Washington, D.C.—The United States Department of Agriculture (USDA) has established the U.S. Domestic Hemp Production Program, which creates a consistent regulatory framework around hemp production throughout the U.S., according to a press release.
An interim final rule formalizing the program will be published in the Federal Register this week that will allow hemp to be grown under federally approved plans and make hemp producers eligible for a number of agricultural programs. The rule includes provisions for the USDA to approve hemp production plans developed by states and Indian tribes including: requirements for maintaining information on the land where hemp is produced; testing the levels of THC; disposing of plants not meeting necessary requirements; and licensing requirements. It also establishes a federal plan for hemp producers in states or territories that do not have their own approved hemp production plan.
USDA has developed guidelines for sampling and testing procedures that provide additional information for sampling agents and hemp testing laboratories.
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Once state and tribal plans are in place, the release says, hemp producers will be eligible for USDA programs including insurance coverage. More information can be found here.
Secretary of Agriculture Sonny Perdue said in the release: “At USDA, we are always excited when there are new economic opportunities for our farmers, and we hope the ability to grow hemp will pave the way for new products and markets. We have had teams operating with all hands-on-deck to develop a regulatory framework that meets Congressional intent while seeking to provide a fair, consistent, and science-based process for states, tribes, and individual producers who want to participate in this program.”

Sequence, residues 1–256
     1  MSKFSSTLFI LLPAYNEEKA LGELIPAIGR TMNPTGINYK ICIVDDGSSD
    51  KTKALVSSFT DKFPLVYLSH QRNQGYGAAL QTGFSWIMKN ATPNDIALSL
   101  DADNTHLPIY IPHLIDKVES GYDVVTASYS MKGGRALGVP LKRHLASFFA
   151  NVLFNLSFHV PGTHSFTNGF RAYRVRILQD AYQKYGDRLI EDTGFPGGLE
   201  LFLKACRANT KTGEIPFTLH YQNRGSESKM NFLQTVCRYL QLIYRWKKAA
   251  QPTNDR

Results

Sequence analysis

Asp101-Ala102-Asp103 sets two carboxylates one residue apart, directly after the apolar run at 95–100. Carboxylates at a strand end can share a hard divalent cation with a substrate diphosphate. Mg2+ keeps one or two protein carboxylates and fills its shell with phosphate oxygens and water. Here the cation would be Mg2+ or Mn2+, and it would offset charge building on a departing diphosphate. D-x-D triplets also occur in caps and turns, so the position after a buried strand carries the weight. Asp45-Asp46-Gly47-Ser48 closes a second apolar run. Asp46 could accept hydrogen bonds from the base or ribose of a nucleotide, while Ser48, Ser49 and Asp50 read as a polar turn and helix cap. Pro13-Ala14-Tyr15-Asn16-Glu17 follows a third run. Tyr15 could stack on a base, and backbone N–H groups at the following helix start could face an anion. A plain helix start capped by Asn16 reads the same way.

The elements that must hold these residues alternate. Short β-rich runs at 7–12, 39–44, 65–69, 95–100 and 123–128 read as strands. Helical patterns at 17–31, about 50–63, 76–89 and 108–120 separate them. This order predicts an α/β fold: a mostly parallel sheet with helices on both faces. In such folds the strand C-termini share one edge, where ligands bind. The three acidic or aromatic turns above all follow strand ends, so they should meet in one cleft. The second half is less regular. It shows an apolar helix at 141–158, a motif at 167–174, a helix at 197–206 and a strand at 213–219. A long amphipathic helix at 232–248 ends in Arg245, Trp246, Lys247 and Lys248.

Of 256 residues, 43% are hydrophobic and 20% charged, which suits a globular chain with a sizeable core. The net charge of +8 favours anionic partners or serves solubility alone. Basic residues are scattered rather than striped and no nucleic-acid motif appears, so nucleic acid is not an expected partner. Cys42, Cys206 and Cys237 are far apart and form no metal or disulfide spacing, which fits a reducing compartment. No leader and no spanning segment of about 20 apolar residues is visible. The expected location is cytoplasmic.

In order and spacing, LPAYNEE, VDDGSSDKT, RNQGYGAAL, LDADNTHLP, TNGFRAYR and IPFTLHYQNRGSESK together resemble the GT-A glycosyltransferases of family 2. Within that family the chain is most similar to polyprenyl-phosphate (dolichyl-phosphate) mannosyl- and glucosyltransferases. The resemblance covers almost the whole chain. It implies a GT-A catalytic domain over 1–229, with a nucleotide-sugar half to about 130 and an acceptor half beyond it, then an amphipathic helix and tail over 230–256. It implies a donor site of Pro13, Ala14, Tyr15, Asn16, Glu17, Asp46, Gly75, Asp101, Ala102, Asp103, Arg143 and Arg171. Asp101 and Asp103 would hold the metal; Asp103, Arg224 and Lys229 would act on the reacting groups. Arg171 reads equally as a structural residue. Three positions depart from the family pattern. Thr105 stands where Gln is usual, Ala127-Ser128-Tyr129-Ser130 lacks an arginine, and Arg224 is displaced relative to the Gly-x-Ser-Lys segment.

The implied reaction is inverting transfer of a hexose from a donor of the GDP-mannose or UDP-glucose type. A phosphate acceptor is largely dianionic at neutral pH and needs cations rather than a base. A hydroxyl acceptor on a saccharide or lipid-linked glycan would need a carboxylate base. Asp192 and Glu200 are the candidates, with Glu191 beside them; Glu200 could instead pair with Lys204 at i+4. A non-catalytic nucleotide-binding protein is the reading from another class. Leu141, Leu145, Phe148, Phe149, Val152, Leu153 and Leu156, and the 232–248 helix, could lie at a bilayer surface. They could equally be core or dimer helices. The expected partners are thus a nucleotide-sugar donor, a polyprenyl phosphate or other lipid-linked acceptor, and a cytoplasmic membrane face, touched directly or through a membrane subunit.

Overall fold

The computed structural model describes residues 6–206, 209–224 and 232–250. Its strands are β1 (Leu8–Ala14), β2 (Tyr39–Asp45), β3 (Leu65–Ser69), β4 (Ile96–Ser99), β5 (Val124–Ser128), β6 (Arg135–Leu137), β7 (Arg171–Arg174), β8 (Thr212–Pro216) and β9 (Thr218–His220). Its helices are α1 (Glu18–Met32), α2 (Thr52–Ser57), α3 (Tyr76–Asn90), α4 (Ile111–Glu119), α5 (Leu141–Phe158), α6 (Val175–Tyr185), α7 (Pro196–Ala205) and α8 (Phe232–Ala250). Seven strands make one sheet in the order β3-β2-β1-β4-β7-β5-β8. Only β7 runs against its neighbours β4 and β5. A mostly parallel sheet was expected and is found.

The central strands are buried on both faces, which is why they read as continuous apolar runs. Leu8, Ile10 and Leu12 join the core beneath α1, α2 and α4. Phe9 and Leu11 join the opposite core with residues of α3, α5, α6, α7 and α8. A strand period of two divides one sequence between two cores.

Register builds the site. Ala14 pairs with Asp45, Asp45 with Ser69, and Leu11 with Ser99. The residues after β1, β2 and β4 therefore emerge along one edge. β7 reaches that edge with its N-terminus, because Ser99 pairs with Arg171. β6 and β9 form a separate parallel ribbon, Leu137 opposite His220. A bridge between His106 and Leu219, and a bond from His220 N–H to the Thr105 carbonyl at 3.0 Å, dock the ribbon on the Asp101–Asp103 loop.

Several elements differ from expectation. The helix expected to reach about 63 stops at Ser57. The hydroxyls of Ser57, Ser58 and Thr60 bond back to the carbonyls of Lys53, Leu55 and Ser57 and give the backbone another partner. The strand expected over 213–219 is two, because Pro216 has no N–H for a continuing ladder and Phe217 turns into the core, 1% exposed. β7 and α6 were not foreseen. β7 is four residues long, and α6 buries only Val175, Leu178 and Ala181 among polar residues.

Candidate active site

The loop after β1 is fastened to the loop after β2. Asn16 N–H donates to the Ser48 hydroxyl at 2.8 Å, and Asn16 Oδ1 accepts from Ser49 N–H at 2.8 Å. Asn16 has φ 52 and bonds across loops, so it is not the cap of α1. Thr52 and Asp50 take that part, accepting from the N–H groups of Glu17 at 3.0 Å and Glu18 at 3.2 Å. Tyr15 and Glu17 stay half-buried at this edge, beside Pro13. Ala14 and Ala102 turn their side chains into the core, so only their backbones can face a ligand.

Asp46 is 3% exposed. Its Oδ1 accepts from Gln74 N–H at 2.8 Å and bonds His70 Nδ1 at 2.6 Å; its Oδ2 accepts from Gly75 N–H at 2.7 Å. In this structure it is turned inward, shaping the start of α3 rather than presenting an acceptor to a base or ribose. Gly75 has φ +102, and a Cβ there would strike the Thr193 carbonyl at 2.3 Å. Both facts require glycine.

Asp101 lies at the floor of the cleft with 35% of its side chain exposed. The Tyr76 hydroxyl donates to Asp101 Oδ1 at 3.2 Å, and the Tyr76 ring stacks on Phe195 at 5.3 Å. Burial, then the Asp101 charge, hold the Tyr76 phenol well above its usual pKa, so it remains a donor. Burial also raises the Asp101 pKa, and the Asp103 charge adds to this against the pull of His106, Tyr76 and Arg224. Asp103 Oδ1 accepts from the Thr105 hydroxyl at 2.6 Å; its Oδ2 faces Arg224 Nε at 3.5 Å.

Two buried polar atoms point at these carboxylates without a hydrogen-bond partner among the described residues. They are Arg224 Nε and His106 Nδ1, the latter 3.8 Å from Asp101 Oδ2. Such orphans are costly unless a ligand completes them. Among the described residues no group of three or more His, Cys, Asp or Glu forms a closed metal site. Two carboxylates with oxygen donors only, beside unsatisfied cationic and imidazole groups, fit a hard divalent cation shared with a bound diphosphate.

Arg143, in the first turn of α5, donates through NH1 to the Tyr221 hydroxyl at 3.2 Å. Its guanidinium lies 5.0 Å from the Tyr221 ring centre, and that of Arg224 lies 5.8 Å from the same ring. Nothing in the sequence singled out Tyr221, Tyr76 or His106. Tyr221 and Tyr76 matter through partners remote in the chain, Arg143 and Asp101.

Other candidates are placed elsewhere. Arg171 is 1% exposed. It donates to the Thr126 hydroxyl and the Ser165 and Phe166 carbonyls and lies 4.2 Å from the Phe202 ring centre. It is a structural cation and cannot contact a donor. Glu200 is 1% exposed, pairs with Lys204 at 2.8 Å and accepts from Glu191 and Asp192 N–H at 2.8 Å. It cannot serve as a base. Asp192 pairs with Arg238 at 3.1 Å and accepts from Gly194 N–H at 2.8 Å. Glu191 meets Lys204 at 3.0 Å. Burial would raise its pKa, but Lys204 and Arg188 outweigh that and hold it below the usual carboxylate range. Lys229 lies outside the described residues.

The Food Marketing Institute applauded the framework, according to a press release. Leslie G. Sarasin, President and CEO, commented: “USDA’s proposed regulations provide more clarity in the regulatory environment surrounding hemp, which continues to generate much enthusiasm among FMI’s members’ customers in the United States. Having said that, the lack of federal standards for the use of CBD in manufactured products, coupled with the current patchwork of state laws regulating CBD products, has created mass confusion for the public, for suppliers and retailers, and for state regulators. FMI highly values the role FDA plays in promoting public health and safety, but the absence of a clear pathway to market for these products means consumers currently face a variety of risks, including unsubstantiated health and benefit claims, a lack of standardization in product labeling and packaging, and even products that do not contain the ingredients they purport to contain. We hope FDA will move quickly to provide clarity.”
Vote Hemp asked interested parties to share their feedback on Twitter under #hempregsfeedback, and @Kansans4Hemp answered the call, noting that USDA did not address an issue provided for in the 2018 Farm Bill—there still isn’t a process for exporting hemp.
Following publication, USDA invites public comment on the interim rule. USDA will draft and publish a final rule within two years, using information gathered during the time period to adjust the rule if necessary. The draft of the rule is available here. Once published, interested parties can submit comments here.